Warner Classics signs 15-year-old Dutch violinist Noa Wildschut
The newest exciting young artist to join the Warner Classics roster is the 15-year-old Dutch violinist, Noa Wildschut. She has signed an exclusive agreement with the label and her first release will be an all-Mozart album, to be recorded this November and released in 2017: the Violin Concerto No 5 and the Adagio K.261, for which she will be joined by the Netherlands Chamber Orchestra under the leadership of Gordan Nikolić, and the Violin Sonata in B flat major, K.454, with prizewinning pianist and festival director Yoram Ish-Hurwitz.
Noa, who has been described as “a miracle of musicality” is already well-known in the Netherlands, where she currently studies at the Amsterdam Conservatory. She made her debut at the celebrated Amsterdam Concertgebouw at the age of just seven and regularly performs around the country, giving concerts with such orchestras such as the Rotterdam Philharmonic, Hague Philharmonic, Netherlands Philharmonic and Amsterdam Concertgebouw Chamber Orchestra. In 2013 she participated in a live televised concert to celebrate the bicentenary of the Kingdom of the Netherlands and in 2014 played for the Dalai Lama when he made an official visit.
Internationally, Noa has established a reputation with concerts in Germany, France, Spain, Luxembourg, Switzerland, the UK, Bulgaria, Denmark, Liechtenstein, Austria, Canada, the USA and Brazil, and has played with suchrenowned orchestras as Kremerata Baltica and the Basel Symphony Orchestra. Among her plans for the coming seasons are performances with the Pittsburgh Symphony Orchestra, Konzerthausorchester Berlin and Lucerne Symphony Orchestra.
In Madrid in September 2015, before Queen Sofia of Spain, she performed with no less a partner than Anne-Sophie Mutter, who has described Noa as “undoubtedly one of the musical hopes of her generation”. As the holder (since 2015) of a scholarship from the Anne-Sophie Mutter Foundation, Noa is the youngest of the eight exceptional string-players who currently receive personal mentoring from Ms Mutter and other forms of support in their artistic development. She also tours as a member of the Mutter Virtuosi, an ensemble comprising current and former scholarship-holders and a selection of other outstanding young players.
The daughter of two musicians (her mother is a violin teacher and her father plays viola in the Netherlands Radio Philharmonic Orchestra), and the niece of her recital partner, pianist Yoram Ish-Hurwitz, Noa started playing the violin at the age of four. She first came to international attention when, at the age of just nine, she won first prize at the Louis Spohr Competition for Young Violinists in Weimar.
Commenting on her new relationship with Warner Classics, Noa Wildschut says: “I am so happy and honoured to be welcomed into the Warner Classics family, which contains so many wonderful musicians, and I am so looking forward to making the Mozart album. It’s our first project together and it’s a new adventure for me to be making a recording in the studio.
We’ve chosen a programme I feel very comfortable with, but it also presents me with an enjoyable challenge: Mozart’s music is so clean and pure, yet also so full of life. He has a special significance for me since it was with his music that I won the Louis Spohr Competition, and that’s where my life as a concert performer really started.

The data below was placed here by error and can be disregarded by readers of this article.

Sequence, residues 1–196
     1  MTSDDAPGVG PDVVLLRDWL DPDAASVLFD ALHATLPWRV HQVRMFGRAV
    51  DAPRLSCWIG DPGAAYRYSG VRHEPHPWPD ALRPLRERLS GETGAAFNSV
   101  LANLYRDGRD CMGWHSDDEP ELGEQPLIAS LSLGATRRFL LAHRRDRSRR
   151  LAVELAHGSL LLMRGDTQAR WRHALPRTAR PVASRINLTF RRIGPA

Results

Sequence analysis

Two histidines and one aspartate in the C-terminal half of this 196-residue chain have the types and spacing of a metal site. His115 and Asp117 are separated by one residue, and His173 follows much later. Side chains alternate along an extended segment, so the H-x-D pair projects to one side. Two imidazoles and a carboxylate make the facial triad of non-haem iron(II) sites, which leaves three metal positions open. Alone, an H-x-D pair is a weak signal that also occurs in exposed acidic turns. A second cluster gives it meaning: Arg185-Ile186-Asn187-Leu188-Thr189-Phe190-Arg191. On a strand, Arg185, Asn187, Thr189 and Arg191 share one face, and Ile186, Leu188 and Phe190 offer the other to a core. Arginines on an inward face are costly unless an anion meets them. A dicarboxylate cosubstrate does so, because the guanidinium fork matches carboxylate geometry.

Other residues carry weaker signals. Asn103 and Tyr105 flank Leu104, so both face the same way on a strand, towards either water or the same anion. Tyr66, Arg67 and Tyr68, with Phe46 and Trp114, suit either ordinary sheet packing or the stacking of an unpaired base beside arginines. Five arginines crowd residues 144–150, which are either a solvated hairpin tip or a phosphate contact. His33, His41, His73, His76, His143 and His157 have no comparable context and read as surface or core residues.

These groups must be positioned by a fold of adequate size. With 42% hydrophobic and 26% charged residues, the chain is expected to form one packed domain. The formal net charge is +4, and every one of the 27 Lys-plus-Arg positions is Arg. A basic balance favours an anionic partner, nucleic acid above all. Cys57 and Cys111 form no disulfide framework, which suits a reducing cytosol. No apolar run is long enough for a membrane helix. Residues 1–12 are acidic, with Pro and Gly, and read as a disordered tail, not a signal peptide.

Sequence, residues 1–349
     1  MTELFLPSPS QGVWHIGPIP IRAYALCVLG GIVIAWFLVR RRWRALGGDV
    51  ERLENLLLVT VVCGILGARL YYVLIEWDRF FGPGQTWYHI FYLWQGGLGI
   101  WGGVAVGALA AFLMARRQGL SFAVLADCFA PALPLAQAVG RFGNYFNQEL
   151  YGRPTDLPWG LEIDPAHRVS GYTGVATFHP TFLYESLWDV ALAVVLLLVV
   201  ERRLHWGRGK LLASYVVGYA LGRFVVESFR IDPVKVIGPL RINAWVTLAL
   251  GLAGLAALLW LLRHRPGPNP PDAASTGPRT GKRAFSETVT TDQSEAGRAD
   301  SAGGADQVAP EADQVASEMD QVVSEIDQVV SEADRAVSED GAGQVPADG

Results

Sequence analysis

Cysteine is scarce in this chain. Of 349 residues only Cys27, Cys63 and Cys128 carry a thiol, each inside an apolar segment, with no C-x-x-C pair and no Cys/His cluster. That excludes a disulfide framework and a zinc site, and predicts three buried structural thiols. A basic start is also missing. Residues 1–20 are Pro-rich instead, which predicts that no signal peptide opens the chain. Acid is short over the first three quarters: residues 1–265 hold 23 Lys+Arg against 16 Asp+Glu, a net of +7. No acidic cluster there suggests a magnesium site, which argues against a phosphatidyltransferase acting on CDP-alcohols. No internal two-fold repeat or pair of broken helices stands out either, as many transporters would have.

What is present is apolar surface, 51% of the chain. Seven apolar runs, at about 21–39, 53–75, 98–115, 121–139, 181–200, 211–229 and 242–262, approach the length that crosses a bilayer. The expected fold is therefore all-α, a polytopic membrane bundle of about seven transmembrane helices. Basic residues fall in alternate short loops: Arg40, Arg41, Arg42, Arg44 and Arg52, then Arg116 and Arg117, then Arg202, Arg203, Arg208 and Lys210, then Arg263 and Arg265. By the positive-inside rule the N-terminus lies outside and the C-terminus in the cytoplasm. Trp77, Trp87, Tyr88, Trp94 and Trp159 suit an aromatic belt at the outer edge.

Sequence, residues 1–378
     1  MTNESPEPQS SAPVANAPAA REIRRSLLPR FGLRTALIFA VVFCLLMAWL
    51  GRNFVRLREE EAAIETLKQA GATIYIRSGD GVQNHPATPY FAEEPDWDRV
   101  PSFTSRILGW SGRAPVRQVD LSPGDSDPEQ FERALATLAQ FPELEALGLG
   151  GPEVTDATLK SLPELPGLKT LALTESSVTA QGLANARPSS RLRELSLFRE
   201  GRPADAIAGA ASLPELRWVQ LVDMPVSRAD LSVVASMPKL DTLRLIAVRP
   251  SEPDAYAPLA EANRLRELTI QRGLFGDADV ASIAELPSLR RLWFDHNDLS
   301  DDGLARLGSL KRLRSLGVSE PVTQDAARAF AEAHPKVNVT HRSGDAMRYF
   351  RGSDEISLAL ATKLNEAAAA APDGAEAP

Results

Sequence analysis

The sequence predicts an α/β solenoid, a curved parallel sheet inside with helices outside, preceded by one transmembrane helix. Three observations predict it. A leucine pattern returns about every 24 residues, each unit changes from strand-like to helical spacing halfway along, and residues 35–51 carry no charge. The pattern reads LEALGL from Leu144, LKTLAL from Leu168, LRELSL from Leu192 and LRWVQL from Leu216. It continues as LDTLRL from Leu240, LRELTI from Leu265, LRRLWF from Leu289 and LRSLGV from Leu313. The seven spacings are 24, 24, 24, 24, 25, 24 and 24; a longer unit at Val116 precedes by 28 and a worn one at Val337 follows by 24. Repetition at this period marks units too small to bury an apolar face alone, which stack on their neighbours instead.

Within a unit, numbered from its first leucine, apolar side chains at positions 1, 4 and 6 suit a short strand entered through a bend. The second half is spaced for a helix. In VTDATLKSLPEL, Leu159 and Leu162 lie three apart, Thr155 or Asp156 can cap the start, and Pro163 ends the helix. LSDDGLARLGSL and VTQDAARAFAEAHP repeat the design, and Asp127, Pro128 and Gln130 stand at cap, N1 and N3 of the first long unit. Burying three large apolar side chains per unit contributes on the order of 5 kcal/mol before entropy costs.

Whenever I play, it is important to me to enjoy making music and to share my joy with the people around me. I love what I do and I’m constantly searching for new inspiration and for new challenges that help me to learn – I’m always trying to learn as much as possible.”
Speaking for Warner Classics, Jean-Philippe Rolland (Executive Vice President, International A&R and Business Development) says:
“Noa’s sheer talent is complemented by an artistic maturity beyond her years, and I am more than confident that she will sparkle among the other distinguished violinists on the Warner Classics roster – Itzhak Perlman, Kyung Wha Chung, Vilde Frang and Benjamin Beilman.”
Noa, who alongside her musical studies and her performing career, continues with conventional academic studies, also believes passionately in the intellectual and social benefits that classical music can bring to young people. As she explained in April to the audience at the TEDxAmsterdamED conference, those benefits became especially apparent to her in late 2015, when she visited the city of João Pessoa in Brazil to participate in a music festival and also to give her first masterclass. While there, she visited a school in a poverty-stricken favela where, thanks to a special educational programme, every pupil had the opportunity to study a stringed instrument.
“When I visited the school, where the temperature in the classroom was 40 degrees, I noticed how happy the children were to have the chance to make music. I believe that music can play an important role in developing young people’s minds and their ability to focus, but – even more important than that – music connects people. It is a wonderful tool when it comes to helping each other. In fact, my uncle and I are already thinking of organising a music project for and with refugee children in the Netherlands. It will help them to get to know each other through a universal language and, best of all, to have fun with each other!
"For me, the most wonderful thing about playing is the joy that it can bring to people and the joy of playing together with other musicians. I want to be able to bring hope and happiness to people, however old they are and whatever circumstances they are living in. When I say that, I’m in no way setting myself as some kind of example. It’s all about coming together so that we can all gain from what music has to offer the world.”